Soviet 5.45x39mm -- This is fired from the AK-74, which is the Soviet contribution to the new generation of smaller-calibre assault rifles and which produces the wound profile seen in Fig. 3. The full metal-jacketed bullet designed for this weapon has a copper-plated steel jacket and a largely steel core, as does the bullet of its predecessor, the AK-47. A unique design feature of the AK-74, however, is an air-space (about 5mm long) inside the jacket at the bullet's tip (Fig 1). The speculation that this air-space would cause bullet deformation and fragmentation on impact proved to be unfounded, but the air-space does serve to shift the builet's centre of mass toward the rear, possibly contributing to its very early yaw. In addition, on bullet impact with tissue, the lead just behind the air-space shifts forward into this space. This shift of lead occurs asymmetrically and may be one reason for the peculiar curvature of this bullet's path in the last half of its path through tissue (Fig 3). Only in a shot with a long tissue path, like an oblique shot through the torso, would this curved path be evident; it doesn't really add anything to wounding capacity, but might cause an occasional confusing path through tissue. This bullet yaws after only about 7cm of tissue penetration, assuring an increased temporary cavity stretch disruption in a higher percentage of extremity hits; other bullets need more tissue depth to yaw and in many cases cause only minimal disruption on extremity hits.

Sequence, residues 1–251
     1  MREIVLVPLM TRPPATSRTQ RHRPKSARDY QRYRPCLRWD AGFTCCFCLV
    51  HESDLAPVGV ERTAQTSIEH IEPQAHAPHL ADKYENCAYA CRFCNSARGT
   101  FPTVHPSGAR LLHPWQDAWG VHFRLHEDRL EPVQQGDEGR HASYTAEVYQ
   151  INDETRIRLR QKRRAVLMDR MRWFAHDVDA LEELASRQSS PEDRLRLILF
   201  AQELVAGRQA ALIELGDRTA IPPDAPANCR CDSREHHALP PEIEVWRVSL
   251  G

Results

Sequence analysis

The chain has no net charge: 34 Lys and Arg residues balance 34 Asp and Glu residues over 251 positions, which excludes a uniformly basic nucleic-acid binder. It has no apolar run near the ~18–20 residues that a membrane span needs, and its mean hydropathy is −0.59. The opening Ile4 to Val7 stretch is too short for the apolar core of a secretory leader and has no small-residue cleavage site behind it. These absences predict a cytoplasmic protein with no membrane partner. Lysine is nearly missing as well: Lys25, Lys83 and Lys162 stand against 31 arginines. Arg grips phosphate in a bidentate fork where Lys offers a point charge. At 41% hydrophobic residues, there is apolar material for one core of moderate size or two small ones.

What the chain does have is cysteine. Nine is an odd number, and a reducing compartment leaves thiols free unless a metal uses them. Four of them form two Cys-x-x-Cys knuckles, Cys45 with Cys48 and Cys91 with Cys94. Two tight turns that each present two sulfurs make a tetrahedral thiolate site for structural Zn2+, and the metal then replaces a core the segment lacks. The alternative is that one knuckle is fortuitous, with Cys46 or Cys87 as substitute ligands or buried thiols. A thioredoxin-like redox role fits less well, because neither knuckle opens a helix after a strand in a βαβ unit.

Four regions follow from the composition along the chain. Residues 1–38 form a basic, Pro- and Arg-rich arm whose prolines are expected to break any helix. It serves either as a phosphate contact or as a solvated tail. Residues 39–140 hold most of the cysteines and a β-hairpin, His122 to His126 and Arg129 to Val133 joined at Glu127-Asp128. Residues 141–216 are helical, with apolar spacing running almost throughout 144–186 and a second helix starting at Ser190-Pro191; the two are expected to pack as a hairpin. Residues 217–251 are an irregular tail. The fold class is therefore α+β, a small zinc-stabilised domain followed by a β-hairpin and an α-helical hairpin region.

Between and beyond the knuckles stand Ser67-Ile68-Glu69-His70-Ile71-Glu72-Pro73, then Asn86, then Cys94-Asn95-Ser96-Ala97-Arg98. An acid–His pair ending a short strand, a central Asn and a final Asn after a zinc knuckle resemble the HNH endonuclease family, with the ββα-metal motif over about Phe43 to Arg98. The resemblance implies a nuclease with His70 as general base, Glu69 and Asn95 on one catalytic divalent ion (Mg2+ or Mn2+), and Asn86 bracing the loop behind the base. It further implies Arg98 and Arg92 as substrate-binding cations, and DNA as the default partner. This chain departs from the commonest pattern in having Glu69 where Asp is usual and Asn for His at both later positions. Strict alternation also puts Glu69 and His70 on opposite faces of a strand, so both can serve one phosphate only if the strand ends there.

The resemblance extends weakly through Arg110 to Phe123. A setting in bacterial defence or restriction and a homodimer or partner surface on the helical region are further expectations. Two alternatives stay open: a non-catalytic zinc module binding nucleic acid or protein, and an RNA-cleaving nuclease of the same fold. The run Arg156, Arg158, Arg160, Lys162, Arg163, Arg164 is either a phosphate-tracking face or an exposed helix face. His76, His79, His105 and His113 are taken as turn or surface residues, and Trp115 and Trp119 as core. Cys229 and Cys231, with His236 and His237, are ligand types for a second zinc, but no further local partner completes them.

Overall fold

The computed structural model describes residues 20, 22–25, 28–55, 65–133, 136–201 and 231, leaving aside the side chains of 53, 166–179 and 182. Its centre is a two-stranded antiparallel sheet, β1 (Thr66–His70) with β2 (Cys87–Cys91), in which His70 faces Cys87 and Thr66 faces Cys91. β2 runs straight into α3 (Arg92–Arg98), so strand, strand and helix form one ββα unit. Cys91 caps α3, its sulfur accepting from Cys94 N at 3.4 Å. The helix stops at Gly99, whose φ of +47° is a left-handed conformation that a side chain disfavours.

The abdomen and thigh wounds expected from this bullet would be essentially the same as those described above for the Yugoslav variation of the AK-47 bullet.
All pointed bullets that do not deform end their tissue path travelling base first, since this puts their centre of mass forward; this is their stable attitude. The rotation imparted to the bullet by the rifled gun barrel is sufficient to force the bullet to travel point-forward in air (in properly designed weapons), but not in tissue where such factors as bullet shape and the location of centre of mass far outweigh rotation effects. The bi-lobed yaw patterns shown in the profiles of the AK-47 and the AK-74 represent what is seen in most shots. Sometimes the bullet yaws to 180°, or the base-forward position, in one cycle. These variations, along with the curvature in bullet path at or near the end of tissue path, are of far less importance than the distance the bullet travels point-forward before significant yaw begins.